Doe v. General Hospital of District of Columbia, 313 F. Supp. 1170 (D.D.C. 1970)
March 11, 1970
GENERAL HOSPITAL OF the DISTRICT OF COLUMBIA et al., Defendants.
United States District Court, District of Columbia.
*1171 Michael Nussbaum and Gilbert C. Miller, of Surrey, Karasik, Green & Hill, Washington, D. C.; and Caroline Nickerson, Washington, D. C., for plaintiffs; Ralph J. Temple, American Civil Liberties Union Fund of the National Capital Area, Washington, D. C., of counsel.
Charles T. Duncan, Corporation Counsel of the District of Columbia, John A. Earnest, John C. Salyer, III, and Edward L. Curry, Asst. Corporation Counsels, Washington, D. C., for defendants.
FINDINGS OF FACT, CONCLUSIONS OF LAW AND ORDER
WADDY, District Judge.
This class action was filed on February 26, 1970, seeking declaratory and injunctive relief. Plaintiffs allege that they seek to enjoin on behalf of plaintiff, Mary Doe, and others similarly situated the enforcement of the abortion policy of the General Hospital of the District of Columbia (hereinafter referred to as "D. C. General"), and to declare said policy unlawful.
This matter is before the Court on the motion of the plaintiff Mary Doe for a preliminary injunction. She alleged in her motion that she was seeking a preliminary injunction restraining defendants from denying her an abortion at the facilities of D. C. General "except insofar as said abortion is medically contra-indicated according to standards of medical practice generally applied by the hospital as to other forms of treatment." At trial her counsel conceded that she is seeking, by what in effect is a mandatory injunction, a free abortion on demand at D. C. General. Evidentiary hearing commenced on March 6, 1970, and was resumed and concluded on March 9, 1970.
Having considered the testimony presented, the affidavits and depositions on file, the memoranda submitted by counsel, and having heard closing argument by counsel for the plaintiff and counsel for defendants, the Court, pursuant to Rule 52(a), Federal Rules of Civil Procedure, makes the following findings of fact and conclusions of law:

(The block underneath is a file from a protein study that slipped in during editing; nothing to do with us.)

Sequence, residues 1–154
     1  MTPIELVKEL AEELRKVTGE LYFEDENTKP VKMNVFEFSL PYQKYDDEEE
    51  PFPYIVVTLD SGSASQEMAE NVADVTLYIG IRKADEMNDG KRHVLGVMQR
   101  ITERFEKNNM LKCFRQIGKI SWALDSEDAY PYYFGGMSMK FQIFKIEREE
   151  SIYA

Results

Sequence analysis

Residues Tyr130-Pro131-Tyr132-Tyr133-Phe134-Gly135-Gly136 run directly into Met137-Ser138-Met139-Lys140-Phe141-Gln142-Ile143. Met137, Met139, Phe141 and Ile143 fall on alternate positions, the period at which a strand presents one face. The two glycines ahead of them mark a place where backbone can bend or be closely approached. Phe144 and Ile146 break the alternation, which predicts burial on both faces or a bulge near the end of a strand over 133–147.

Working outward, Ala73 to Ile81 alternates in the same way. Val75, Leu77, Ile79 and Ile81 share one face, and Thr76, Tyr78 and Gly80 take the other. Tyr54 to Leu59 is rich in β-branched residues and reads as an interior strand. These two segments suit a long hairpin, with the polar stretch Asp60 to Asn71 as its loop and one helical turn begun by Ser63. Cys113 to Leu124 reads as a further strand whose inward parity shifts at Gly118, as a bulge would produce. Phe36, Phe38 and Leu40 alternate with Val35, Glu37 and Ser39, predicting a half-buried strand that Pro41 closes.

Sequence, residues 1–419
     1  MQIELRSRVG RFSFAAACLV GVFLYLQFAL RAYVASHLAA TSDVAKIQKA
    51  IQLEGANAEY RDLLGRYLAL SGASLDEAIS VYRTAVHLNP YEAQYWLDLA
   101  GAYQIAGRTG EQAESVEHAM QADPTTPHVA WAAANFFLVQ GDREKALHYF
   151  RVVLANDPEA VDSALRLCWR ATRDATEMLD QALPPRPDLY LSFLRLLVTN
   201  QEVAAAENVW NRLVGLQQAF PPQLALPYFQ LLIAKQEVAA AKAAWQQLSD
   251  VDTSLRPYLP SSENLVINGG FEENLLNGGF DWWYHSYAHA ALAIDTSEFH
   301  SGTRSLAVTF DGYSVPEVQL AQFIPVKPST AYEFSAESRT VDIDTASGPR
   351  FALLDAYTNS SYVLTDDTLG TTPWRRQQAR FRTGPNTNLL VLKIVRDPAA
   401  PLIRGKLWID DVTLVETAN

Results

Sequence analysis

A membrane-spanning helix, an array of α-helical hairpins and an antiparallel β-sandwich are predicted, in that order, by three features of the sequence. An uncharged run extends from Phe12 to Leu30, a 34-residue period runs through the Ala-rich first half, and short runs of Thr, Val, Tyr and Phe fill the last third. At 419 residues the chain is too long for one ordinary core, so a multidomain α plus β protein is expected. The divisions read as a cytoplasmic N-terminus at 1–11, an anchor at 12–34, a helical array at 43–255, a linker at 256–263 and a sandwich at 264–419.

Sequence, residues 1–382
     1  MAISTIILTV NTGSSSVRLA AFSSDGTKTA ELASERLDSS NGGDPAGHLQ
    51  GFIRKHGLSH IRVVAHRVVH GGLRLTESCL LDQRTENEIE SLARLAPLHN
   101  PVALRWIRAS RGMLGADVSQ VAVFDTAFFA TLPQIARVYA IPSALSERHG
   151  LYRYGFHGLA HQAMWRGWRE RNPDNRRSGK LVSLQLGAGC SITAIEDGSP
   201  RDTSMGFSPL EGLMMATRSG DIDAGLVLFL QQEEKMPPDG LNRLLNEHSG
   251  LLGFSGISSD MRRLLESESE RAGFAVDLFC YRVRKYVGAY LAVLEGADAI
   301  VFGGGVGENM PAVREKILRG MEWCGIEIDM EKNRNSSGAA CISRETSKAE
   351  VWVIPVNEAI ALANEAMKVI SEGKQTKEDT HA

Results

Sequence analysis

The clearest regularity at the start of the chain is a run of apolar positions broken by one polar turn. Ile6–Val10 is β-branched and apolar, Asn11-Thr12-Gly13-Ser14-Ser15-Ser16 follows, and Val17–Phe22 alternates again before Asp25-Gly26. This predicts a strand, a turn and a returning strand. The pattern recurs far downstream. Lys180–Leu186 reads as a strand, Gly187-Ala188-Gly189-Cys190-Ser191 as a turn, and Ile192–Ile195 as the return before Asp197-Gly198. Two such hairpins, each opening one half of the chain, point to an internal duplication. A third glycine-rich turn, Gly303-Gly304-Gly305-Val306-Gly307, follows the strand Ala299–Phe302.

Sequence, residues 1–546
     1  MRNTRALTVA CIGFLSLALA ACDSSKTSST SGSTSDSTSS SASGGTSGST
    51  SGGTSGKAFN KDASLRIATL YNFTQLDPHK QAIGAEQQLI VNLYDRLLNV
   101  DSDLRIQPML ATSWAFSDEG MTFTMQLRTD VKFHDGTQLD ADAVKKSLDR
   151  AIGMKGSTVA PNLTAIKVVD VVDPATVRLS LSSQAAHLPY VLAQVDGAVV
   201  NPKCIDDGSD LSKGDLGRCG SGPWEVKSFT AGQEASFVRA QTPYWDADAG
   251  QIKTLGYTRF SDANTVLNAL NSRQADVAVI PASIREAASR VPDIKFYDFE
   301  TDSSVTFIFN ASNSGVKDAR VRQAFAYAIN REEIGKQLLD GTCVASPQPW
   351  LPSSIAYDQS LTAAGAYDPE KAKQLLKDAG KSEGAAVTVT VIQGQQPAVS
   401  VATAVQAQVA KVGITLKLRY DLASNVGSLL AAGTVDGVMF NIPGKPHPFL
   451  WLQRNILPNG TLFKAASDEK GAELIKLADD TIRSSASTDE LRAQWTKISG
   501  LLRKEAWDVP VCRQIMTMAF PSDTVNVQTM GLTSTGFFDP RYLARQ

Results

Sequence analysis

Findings of Fact
1. Plaintiff Mary Doe is a resident of the District of Columbia, and has been a continuous resident thereof for more than one year. She is 21 years of age and unmarried. Her taxable income is less than $2,400 per year. She meets the income and residence requirements necessary to receive free medical treatment at the facilities of the defendant General Hospital of the District of Columbia ("D. C. General Hospital").
2. The defendant D. C. General Hospital is an agency of the Government of the District of Columbia and is administered under the supervision of the Department of Public Health of the District of Columbia. It is the only government-owned Hospital within the District of Columbia furnishing comprehensive medical treatment to residents of the District of Columbia.
3. The defendant Walter E. Washington is the duly appointed, qualified and acting Commissioner of the District of Columbia.
4. The defendant Dr. Raymond L. Standard is the duly appointed, qualified and acting Director of Public Health in the District of Columbia, and is by law charged with administering the Department of Public Health under the authority delegated to him by the defendant Walter E. Washington.
5. The defendant Dr. John Nasou is the duly appointed, qualified and acting Director of D. C. General Hospital, and is by law charged with administering the Hospital.
6. The defendant Dr. Ernest Lowe is the duly appointed, qualified and acting Chief Medical Officer of the Obstetrics and Gynecology Department of D. C. General Hospital, and is charged with responsibility for administering that Department.
*1172 7. Each of the individual defendants is sued in his official capacity only.
8. On or about February 5, 1970, the plaintiff Mary Doe was informed by a competent and licensed physician within the District of Columbia that a pregnancy test showed her to be four to six weeks pregnant. She had attempted to prevent the pregnancy by the use of a contraceptive device which failed.
9. On February 17, 1970, plaintiff, Mary Doe, went to D. C. General and spoke with the defendant, Dr. Ernest Lowe. She told him that she was a resident of the District of Columbia, over 21 years of age and indigent; that she was single, pregnant and desired an abortion at D. C. General. Without giving Mary Doe any physical or mental examination whatsoever to determine whether she qualified for an abortion in accordance with the Hospital's rules and regulations, Dr. Lowe failed and refused to even consider her for an abortion; related to her the current practice at D. C. General concerning abortions, and refused to abort her.